When eagles dared!
Last modified: 08 June 2012
Eagles would once have soared widely across English skies, but they disappeared at the hands of man: that's a key finding from a new study looking at the historic distribution of Britain and Ireland's two largest birds of prey.
The new research, published in the journal Bird Study, reveals that human persecution and habitat destruction have had a considerable impact on eagles over the last 1500 years. The study concludes that both white-tailed eagles and golden eagles were once found across large tracts of lowland and upland Britain and Ireland, but populations plummeted as a result of human activity.
Richard Evans, of RSPB Scotland and lead author of the study, said: "The results of this study are striking as they provide compelling evidence that eagles were widespread throughout most of Britain and Ireland in the Dark Ages. Between 500 and 1800AD we see massive loss of eagle range in the south, which is consistent with the effects of habitat loss and killing by humans, rather than the influence of climate change on habitat, or competitive exclusion, as some have suggested.”
Using a combination of place-name analysis, historic records and modern knowledge of the species' ecology, researchers were able to estimate the former range and population of both eagles between 500 AD and the present day.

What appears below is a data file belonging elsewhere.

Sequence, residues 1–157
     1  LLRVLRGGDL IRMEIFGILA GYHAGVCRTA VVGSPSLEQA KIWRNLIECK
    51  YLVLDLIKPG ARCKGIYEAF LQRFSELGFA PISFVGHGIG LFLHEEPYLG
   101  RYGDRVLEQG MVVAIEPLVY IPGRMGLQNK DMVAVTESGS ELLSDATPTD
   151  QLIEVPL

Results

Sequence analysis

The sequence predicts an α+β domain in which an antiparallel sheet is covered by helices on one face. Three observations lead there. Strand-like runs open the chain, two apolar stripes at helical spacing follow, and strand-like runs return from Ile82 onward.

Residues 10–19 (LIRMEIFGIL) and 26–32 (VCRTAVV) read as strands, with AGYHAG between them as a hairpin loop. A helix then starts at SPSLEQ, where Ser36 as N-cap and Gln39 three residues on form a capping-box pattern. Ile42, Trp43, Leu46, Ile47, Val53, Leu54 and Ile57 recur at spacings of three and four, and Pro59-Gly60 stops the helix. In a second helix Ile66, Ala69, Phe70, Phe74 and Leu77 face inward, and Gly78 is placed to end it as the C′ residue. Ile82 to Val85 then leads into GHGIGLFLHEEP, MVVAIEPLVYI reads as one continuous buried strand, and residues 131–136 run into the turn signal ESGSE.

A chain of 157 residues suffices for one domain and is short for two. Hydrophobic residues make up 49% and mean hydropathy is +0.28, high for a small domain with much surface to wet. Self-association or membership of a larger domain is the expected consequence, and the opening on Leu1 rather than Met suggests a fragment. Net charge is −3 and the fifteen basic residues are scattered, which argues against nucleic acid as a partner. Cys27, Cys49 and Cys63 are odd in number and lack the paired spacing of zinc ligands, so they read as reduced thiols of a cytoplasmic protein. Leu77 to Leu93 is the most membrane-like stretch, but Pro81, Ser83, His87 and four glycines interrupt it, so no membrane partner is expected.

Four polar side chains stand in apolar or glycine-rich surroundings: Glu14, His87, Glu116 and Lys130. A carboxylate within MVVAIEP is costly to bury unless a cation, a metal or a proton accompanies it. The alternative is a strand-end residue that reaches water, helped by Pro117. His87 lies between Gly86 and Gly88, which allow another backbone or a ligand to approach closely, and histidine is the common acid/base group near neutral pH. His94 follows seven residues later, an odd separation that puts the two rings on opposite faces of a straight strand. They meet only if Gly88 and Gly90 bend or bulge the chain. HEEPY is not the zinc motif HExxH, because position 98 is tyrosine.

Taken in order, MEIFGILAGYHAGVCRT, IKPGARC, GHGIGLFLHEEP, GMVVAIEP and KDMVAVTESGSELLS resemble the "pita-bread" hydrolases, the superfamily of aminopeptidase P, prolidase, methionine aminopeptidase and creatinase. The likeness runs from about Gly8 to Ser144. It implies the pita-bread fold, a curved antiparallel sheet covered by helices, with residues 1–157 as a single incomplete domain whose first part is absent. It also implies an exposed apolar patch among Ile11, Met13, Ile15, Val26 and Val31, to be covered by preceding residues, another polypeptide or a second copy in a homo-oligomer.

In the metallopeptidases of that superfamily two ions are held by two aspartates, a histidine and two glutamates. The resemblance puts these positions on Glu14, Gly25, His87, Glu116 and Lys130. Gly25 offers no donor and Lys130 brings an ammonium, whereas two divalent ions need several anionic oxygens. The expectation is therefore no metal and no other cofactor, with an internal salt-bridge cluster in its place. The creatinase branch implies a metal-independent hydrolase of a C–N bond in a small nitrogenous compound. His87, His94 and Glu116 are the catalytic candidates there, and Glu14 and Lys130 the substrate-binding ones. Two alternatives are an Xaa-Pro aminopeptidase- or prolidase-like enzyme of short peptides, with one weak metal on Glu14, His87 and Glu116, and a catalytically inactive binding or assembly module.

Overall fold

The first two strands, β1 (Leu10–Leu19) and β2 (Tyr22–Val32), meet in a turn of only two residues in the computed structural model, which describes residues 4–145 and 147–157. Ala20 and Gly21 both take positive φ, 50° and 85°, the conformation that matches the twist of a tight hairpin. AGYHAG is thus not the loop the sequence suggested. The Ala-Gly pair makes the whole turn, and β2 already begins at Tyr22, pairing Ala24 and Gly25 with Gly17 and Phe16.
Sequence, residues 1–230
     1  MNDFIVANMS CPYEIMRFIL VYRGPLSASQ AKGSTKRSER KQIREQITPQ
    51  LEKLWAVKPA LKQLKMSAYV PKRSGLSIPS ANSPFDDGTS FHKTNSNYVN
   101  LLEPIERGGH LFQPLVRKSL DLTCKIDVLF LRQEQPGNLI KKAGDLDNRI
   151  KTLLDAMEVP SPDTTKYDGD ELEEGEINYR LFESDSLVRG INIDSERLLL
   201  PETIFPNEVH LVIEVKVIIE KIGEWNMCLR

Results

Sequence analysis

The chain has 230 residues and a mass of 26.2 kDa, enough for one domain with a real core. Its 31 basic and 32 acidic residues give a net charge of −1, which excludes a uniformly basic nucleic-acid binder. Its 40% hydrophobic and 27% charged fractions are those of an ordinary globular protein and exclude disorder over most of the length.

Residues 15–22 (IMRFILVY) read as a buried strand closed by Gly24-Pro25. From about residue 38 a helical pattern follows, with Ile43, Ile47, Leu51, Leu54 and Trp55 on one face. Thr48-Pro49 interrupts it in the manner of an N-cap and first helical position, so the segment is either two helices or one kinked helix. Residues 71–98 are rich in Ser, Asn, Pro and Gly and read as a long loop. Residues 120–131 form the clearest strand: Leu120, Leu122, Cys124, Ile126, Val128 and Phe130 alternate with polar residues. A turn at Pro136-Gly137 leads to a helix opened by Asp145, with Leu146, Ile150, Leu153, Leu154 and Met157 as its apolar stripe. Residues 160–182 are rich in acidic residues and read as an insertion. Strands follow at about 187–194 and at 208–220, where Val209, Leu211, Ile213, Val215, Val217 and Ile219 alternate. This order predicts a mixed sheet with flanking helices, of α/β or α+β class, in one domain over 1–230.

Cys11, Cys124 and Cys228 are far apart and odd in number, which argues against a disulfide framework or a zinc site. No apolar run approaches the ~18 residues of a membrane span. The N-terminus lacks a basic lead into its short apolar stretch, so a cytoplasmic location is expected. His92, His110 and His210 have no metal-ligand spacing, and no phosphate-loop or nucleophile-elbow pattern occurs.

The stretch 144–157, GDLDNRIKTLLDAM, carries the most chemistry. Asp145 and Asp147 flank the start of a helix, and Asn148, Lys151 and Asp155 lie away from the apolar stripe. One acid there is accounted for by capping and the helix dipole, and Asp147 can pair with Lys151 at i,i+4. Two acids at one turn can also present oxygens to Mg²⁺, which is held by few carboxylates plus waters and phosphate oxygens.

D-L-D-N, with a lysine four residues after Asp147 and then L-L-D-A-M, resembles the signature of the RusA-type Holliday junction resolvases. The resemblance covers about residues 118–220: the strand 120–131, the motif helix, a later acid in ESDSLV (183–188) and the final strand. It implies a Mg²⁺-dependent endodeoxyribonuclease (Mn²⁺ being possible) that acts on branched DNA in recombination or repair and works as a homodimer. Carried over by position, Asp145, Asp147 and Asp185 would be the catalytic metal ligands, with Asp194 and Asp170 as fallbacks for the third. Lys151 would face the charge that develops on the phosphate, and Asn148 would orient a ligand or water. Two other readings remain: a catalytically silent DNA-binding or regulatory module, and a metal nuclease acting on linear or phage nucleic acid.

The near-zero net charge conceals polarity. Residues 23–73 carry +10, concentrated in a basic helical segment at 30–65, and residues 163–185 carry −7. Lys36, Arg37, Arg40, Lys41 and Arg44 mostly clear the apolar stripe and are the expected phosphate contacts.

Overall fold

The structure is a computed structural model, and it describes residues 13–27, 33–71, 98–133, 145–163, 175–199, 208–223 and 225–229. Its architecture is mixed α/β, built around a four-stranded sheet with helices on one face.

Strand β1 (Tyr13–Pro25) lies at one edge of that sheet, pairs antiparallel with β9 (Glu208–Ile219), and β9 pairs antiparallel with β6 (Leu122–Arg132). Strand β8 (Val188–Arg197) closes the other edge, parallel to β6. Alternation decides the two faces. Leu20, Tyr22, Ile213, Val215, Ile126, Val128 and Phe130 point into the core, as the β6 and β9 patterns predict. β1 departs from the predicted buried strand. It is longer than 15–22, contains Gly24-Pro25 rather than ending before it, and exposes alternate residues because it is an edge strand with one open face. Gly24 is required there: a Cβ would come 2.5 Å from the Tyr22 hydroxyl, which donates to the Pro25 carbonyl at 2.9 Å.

Although both eagles are found in Scotland, the species are now no more than casual visitors to England. But the research shows that, historically, both species would have been reasonably widespread across the entire UK. The golden eagle would have occurred in the English uplands, such as the Peak District National Park and the North York Moors, while the white-tailed eagle would have been dispersed across lowland England, especially at coastal and wetland sites.
Continued killing by humans eventually led to the UK extinction of the white-tailed eagle in the early years of the 20th century, while golden eagles still struggle in some parts of their range as a result of illegal persecution, and their recovery has now stalled. The limited recovery of white-tailed eagles has only been possible by reintroduction. Although the reintroduced white-tailed eagle population is healthy, at present they occupy only a fraction of their historic range.
A report commissioned by Scottish Natural Heritage in 2008, showed that illegal persecution in parts of Scotland is a probable reason why golden eagles have not been able to recolonise England successfully as a nesting species.
Sue Armstrong-Brown, of the RSPB, said: “There have been many changes in our countryside over the last few centuries, but we believe there is ample potential for eagles to return to skies where they have been absent for centuries. We’re not talking about a return to the Dark Ages, but we are asking for more enlightened attitudes to eradicate illegal persecution, which is still a major reason why these birds can’t return to England.”
Commenting on Richard Evans’ study, Scotland’s Environment Minister Stewart Stevenson said: "This informative study tells us much about the former distribution of eagles across Scotland. Birds of prey are an important part of Scotland's biodiversity and our eagles are hugely popular with locals and visitors alike.
"The recent marked increase in sea eagles demonstrates how conservation and management efforts are beginning to make a real difference for these beautiful and iconic birds. The Scottish Government is also committed to working with our partners to tackle eagle persecution, with 2011 figures showing a welcome reduction in poisoning incidents for birds of prey."
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